The lame-duck session: Keep the GOP’s powder dry
Duck hunting season begins this week on Capitol Hill — lame duck, that is. The first test of newly empowered Republican leaders, who next year will shepherd congressional majorities in both chambers, will be to stand firm against any frivolity from soon-to-be minority Senate Democrats and in-name-only Republicans in both houses.
Historically, lame-duck sessions are notorious for self-serving legislation if not disastrous swan songs from lawmakers heading for the door. Heaven knows what nonsense disillusioned Democrats (or some Republicans) will try to push through.
On must-pass measures both fiscal (the appropriations bill) and military, close attention must be paid to any add-ons, especially new legislation that the next GOP-led Congress will have to swallow. On the other hand, some tax breaks set to expire at year’s end must be addressed.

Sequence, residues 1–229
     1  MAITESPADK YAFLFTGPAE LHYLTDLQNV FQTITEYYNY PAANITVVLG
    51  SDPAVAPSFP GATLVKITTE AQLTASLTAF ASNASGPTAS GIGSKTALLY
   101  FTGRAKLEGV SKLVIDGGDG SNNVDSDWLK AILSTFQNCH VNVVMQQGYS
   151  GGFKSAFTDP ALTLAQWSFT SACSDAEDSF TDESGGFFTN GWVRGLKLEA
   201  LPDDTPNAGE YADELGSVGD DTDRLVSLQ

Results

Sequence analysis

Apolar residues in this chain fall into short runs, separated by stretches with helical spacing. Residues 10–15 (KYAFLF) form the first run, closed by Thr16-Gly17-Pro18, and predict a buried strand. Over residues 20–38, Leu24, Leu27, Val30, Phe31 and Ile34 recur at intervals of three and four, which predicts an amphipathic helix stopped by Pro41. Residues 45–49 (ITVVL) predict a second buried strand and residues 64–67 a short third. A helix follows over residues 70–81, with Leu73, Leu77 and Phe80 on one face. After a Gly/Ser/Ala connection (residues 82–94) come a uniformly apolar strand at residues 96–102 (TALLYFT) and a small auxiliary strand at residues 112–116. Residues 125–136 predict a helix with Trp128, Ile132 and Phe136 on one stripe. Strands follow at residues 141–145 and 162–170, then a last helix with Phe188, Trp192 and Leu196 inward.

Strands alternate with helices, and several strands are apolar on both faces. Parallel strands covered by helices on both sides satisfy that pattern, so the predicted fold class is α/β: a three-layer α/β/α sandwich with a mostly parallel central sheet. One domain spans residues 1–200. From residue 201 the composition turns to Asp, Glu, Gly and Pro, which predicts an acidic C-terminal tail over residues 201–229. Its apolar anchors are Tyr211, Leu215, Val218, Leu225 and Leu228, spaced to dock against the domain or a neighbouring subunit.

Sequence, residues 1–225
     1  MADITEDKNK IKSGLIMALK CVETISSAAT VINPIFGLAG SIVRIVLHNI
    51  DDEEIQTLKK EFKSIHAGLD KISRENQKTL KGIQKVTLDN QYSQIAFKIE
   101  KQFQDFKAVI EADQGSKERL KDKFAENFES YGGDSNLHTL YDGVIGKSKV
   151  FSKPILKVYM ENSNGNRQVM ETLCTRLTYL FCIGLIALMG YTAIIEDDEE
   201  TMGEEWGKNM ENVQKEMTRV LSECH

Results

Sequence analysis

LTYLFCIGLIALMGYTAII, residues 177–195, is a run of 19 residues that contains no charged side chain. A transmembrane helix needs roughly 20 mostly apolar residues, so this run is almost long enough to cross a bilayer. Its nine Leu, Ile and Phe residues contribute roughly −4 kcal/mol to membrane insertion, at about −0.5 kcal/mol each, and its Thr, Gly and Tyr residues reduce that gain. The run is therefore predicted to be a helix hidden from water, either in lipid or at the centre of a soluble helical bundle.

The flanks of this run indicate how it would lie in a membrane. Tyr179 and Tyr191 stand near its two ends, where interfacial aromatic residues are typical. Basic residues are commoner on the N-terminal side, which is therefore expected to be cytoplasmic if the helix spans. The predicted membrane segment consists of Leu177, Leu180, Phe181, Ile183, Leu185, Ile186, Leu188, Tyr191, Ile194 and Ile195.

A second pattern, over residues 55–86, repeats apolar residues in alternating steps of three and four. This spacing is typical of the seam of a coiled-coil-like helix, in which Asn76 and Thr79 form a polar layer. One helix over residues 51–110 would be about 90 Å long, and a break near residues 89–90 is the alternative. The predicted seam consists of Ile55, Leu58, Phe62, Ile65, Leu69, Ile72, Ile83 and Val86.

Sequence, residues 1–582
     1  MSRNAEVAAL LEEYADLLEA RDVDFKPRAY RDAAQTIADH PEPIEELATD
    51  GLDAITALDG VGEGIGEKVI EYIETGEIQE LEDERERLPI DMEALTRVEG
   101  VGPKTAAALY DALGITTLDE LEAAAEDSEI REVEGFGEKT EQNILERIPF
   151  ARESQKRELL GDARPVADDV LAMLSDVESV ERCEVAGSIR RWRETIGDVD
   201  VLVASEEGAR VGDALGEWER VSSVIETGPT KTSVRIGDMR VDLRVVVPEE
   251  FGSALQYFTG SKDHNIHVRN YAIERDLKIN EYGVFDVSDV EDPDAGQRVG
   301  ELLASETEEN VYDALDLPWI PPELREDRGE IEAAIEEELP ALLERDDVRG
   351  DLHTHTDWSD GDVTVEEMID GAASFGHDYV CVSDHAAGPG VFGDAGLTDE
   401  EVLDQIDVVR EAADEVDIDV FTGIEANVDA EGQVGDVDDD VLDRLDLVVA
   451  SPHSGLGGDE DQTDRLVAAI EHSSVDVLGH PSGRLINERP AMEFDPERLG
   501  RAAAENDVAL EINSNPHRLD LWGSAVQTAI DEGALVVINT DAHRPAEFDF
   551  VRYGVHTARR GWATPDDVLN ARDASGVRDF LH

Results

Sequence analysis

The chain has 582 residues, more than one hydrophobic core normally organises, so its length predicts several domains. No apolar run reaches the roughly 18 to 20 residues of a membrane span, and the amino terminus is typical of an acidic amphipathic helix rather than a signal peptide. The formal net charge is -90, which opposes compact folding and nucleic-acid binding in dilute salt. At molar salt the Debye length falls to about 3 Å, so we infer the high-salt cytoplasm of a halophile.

Then there’s President Obama with his pen and phone, suggesting unilateral action on wholesale amnesty for illegal aliens. This is not what Americans voted for on Nov. 4.
“He will poison the well, and there will be no chance for immigration reform moving,” says House Speaker John Boehner, R-Ohio.
There’s also the president’s pending replacement for Attorney General Eric Holder. Forcing an unpopular nomination now would ignite a firefight.
Fortunately, observers expect a short-lived lame-duck session. What the GOP does — and doesn’t do — will set the stage for the next Congress.